Notable quote: “Our data raise questions about the sustainability of the profession for Black teachers and female teachers in particular, despite stabilization of teacher well-being at pre-pandemic levels.” – Sy Doan, lead author of the Rand report,

By Naaz Modan | K12 Dive

In Related Coverage: Teachers to Congress: We Shouldn’t Have to Work Second Jobs By Libby Stanford | Ed Week

Louisiana Ten Commandments law could gain traction with Supreme Court

What’s happening: Louisiana passed a law mandating that public schools display the Ten Commandments in classrooms, potentially challenging the constitutional separation of church and state. The law argues that the Ten Commandments are foundational to state and national governance, a view contested by critics who argue they are religious, not secular, texts.

Why it matters: Legal experts fear the law could lead to a Supreme Court case that revisits and potentially overturns the 1980 decision prohibiting the display of the Ten Commandments in classrooms due to concerns about government promotion of religion.

What’s next: The law is likely to face legal challenges that could escalate to the Supreme Court, where the current majority has shown a willingness to expand religious expression in public settings, as seen in recent decisions.

The bigger picture: The debate hinges on interpretations of the Establishment Clause of the First Amendment, which historically aimed to prevent government endorsement of religion, as articulated by Thomas Jefferson’s metaphorical “wall of separation.”

Notable quote: “My best guess is that this Supreme Court would say that the Establishment Clause is not violated unless there is coercion, and that posting the Ten Commandments is not coercive,” said Ira Lupu, who teaches constitutional law at George Washington University. He said he does not want the court to discard its 1980 decision “but I fear this is where we are heading.”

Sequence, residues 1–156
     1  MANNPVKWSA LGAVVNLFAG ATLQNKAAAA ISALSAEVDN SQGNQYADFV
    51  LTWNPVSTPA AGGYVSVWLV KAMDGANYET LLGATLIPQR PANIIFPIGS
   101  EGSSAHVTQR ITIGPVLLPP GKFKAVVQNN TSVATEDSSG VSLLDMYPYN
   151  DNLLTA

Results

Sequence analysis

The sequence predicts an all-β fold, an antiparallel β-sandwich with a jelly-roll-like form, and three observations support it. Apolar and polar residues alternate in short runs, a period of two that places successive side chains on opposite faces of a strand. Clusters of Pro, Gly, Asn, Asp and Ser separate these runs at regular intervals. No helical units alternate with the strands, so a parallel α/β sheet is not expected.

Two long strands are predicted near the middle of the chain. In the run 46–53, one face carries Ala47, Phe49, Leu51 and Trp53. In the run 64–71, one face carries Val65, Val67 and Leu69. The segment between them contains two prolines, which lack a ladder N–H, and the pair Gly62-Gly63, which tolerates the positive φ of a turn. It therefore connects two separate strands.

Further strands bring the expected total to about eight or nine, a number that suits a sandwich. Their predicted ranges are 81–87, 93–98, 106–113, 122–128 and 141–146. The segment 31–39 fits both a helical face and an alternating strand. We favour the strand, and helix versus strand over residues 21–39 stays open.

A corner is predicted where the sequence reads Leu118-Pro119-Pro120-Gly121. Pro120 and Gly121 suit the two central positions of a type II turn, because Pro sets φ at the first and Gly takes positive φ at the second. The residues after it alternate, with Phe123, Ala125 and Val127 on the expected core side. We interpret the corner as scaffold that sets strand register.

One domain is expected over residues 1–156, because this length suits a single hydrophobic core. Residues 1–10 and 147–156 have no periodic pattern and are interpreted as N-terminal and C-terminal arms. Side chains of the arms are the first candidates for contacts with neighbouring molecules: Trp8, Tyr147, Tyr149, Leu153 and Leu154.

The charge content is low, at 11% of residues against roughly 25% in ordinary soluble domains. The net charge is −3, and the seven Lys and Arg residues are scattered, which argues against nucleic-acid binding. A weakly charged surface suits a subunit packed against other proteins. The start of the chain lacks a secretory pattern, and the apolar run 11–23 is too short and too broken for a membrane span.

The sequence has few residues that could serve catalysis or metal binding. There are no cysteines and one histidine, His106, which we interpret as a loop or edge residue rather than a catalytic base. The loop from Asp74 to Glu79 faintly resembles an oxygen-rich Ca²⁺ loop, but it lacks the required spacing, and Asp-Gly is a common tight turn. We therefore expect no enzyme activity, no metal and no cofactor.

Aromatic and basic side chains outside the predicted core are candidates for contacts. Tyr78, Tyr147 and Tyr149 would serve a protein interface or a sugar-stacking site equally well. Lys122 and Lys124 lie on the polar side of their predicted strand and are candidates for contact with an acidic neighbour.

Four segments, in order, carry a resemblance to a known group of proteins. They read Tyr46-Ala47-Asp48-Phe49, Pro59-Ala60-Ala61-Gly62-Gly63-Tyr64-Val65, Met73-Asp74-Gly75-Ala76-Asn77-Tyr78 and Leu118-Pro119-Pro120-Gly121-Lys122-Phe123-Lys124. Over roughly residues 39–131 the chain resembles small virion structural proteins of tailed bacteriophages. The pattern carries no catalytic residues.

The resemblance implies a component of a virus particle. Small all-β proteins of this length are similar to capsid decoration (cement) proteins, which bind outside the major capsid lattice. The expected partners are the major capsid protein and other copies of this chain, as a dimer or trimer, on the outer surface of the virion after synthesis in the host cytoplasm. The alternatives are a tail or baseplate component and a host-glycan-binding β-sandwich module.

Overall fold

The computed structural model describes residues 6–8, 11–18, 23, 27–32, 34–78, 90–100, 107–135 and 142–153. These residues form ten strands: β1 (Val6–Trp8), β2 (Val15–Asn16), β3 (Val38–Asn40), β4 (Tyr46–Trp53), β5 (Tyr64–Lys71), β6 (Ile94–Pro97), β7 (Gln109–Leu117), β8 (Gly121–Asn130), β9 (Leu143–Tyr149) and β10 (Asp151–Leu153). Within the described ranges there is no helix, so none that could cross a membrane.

By Bob Egelko | San Francisco Chronicle

In Related Coverage:  Civil liberty groups vow to fight Louisiana’s Ten Commandments displays in schools By Kara Arundel | K12 Dive

Senate education committee debates federal role in boosting teacher pay

What’s happening: The U.S. Senate Committee on Health, Education, Labor and Pensions recently convened to discuss bipartisan efforts to address teacher pay and shortages, amidst concerns over declining student achievement and pandemic-induced learning losses. Senators from both sides of the aisle acknowledged the critical need to bolster teacher salaries, although opinions varied on how best to achieve this goal. Senator Bill Cassidy, R-Louisiana, expressed reservations about federally mandated minimum teacher salaries, contrasting with Senator Bernie Sanders, I-Vermont, who advocated for a national starting salary of $60,000.Witnesses highlighted diverse solutions, from state-level initiatives like Maryland’s Blueprint for Maryland’s Future to local grow-your-own programs aimed at supporting aspiring teachers from within their communities.

Why it matters: The debate underscores broader issues within education, including teacher recruitment and retention challenges exacerbated by low pay and demanding work conditions. 

Notable quote: “If kids are going to get a good start to life, open the doors. Let’s have decent-paid teachers, and let’s not worry about the cost of that,” – Senator Bernie Sanders 

By Anna Mero | K12 Dive

Violence prevention programs in school are one way to keep kids safe, experts say

What’s happening: In the aftermath of a student’s death, experts emphasize the importance of violence prevention programs in schools to keep students safe.  Garfield High School in Seattle is grappling with the loss of a student, Amarr Murphy-Paine, who was shot while trying to break up a fight. This incident has intensified the community’s focus on preventing future violence through school safety measures and community support.

Why it matters: Programs like the Alternative to Violence Project offer workshops that build self-confidence and problem-solving skills. Experts argue that these lessons should start early in a student’s education rather than being introduced in high school or after a tragedy occurs.

Prevention programs that teach students interpersonal skills, conflict resolution, and social-emotional learning from a young age can help reduce violence and improve student safety.

Notable quote: “Every time this happens, I feel like I haven’t done enough or we are too slow,” – Roger Kluck, director of the Alternative to Violence Project

By Claire Bryan | The Seattle Times – Tribune News Service | East Bay Times

In other National News…